ALBANY — The special election last week for the 23rd Congressional District seat in New York may not be over after all.
Though Conservative candidate Douglas Hoffman conceded and Democrat William Owens was sworn into Congress last week, the routine recanvassing of votes shows Owens' lead has narrowed to 3,026 votes, with about 5,800 absentee ballots received so far that have yet to be counted. The final outcome rests on uncounted absentee ballots, and more than 10,000 were sent out.
The county Boards of Election are still recanvassing votes, and it could be the end of November before a final count is certified. If the count overturns the election, Owens could be removed from office.
But in all likelihood, it would take a major development to change the result.
The Hoffman campaign conceded when it learned it had a narrow edge in Oswego County — considered the Conservative candidate's base — and after campaign workers learned Owens led by 5,335 votes with 93 percent of the returns in.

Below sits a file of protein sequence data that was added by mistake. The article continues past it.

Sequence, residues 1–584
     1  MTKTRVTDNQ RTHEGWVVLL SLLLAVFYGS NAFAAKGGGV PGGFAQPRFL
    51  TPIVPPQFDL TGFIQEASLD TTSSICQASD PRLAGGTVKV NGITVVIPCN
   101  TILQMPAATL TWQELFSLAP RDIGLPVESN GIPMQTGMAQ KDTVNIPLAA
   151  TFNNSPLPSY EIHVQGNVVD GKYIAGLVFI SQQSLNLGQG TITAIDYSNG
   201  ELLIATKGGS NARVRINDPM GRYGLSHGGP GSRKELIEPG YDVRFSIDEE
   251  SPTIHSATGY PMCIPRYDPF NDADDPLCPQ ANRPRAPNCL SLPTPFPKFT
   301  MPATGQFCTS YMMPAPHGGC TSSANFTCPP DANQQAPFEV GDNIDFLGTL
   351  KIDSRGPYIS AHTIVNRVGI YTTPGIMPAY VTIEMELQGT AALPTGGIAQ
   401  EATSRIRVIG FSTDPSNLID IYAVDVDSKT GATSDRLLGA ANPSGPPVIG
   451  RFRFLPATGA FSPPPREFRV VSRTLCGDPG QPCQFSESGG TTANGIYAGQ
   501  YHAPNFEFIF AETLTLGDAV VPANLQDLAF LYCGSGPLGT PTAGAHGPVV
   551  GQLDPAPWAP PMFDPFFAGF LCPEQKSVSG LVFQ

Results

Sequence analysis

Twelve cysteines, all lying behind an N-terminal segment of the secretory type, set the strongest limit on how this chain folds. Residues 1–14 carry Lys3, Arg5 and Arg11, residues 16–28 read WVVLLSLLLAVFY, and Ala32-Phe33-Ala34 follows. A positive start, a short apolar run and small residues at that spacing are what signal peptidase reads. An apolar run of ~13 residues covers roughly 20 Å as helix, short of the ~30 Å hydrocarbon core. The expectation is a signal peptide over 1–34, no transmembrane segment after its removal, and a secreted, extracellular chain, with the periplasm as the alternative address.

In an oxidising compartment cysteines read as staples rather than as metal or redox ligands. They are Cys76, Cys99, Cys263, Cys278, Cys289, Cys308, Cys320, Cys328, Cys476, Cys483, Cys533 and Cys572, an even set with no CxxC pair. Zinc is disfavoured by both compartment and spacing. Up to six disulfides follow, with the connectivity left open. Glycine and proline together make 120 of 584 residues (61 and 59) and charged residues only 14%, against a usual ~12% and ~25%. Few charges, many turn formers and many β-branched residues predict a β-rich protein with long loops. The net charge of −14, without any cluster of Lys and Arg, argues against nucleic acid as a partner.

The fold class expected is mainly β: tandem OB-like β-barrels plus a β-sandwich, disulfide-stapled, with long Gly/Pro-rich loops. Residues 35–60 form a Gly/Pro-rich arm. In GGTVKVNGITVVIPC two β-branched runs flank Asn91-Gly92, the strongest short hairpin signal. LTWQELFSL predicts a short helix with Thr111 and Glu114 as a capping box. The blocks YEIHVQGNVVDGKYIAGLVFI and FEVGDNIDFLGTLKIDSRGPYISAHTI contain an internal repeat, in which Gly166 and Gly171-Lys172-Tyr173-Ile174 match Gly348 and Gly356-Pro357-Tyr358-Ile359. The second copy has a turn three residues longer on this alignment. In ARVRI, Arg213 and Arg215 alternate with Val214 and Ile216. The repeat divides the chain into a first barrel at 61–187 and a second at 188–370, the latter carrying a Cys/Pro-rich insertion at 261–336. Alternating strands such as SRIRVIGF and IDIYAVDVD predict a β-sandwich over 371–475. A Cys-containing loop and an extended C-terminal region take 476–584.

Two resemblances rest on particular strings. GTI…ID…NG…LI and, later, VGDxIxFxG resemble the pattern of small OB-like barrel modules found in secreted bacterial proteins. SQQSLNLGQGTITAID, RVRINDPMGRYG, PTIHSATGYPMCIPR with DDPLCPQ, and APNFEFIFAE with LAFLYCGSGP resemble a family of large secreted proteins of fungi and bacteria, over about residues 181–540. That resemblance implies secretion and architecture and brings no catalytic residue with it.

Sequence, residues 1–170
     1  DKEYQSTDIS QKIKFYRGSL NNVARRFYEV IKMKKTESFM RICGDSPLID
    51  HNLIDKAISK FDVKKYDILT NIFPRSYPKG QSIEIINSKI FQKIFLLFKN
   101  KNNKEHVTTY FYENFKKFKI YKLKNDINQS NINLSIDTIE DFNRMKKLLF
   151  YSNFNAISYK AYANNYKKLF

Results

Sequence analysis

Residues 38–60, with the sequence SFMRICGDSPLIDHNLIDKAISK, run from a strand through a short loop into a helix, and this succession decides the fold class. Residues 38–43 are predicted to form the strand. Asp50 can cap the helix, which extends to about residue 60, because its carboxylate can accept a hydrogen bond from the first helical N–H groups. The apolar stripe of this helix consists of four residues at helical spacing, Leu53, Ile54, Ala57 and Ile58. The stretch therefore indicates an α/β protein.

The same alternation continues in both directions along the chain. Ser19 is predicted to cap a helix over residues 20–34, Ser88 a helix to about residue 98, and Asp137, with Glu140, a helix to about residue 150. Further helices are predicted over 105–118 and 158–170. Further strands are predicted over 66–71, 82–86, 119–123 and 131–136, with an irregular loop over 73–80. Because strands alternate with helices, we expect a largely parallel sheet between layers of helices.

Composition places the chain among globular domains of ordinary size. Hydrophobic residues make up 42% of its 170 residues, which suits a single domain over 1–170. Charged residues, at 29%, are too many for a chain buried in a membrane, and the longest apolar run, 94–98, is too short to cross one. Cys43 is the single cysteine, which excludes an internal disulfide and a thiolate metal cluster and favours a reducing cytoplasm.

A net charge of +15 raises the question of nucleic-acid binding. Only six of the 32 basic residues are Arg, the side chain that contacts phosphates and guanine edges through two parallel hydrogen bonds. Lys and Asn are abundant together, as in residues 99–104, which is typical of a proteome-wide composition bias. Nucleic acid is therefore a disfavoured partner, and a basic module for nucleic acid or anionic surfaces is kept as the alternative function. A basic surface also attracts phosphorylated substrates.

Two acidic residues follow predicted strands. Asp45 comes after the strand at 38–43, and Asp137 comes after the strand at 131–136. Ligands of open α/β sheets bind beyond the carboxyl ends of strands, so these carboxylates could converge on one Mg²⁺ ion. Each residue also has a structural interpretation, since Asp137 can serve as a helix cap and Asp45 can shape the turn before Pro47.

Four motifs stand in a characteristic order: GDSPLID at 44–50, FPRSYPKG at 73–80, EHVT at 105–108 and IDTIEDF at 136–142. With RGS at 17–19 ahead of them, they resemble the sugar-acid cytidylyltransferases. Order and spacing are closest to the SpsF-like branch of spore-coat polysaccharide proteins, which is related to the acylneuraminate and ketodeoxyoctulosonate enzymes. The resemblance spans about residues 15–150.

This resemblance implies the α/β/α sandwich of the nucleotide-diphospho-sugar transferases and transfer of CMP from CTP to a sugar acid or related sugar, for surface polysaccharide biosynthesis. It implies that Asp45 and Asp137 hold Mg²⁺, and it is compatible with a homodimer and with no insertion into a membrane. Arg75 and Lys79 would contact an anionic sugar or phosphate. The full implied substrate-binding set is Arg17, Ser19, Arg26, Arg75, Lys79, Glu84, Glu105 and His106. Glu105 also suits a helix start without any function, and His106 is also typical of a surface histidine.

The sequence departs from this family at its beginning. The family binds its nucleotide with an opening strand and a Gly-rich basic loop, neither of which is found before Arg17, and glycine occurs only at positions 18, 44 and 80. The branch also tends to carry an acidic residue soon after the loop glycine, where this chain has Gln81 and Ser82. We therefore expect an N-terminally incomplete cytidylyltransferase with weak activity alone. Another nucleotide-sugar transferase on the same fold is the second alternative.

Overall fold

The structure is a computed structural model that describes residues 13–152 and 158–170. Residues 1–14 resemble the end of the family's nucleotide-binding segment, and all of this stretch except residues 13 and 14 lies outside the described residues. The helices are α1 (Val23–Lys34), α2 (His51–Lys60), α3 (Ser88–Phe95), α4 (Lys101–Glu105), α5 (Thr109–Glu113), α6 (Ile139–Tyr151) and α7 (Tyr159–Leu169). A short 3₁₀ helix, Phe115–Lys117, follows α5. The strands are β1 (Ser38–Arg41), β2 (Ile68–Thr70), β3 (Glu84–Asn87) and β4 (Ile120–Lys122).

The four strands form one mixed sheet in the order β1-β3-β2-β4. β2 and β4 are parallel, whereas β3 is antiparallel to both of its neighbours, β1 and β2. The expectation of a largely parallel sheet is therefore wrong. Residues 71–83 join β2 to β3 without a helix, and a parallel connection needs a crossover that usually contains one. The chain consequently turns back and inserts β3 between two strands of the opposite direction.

"On election night we were kind of stunned — and that's kind of why we conceded — how poorly we did in Oswego," Hoffman spokesman Rob Ryan said. "Then we found out a few days later that the numbers were narrowing because of reporting problems."
Initially Hoffman was reported to have a 500-vote lead in Oswego County, but recanvassing indicates he actually won there by 1,748 votes: 12,748 to 11,000.
'We may have a shot'
"Who knows? We may have a shot," Ryan said.
"Having just gone through this race, and having seen everything that's gone on, it's possible," he said.
The Syracuse Post-Standard first reported that problems in some counties resulted in underreporting of votes for Hoffman on election night Nov. 3.
"Mistakes are found, somebody put the wrong number in a column, or numbers are transposed. ... It's not uncommon," said John Conklin, a spokesman for the state Board of Elections.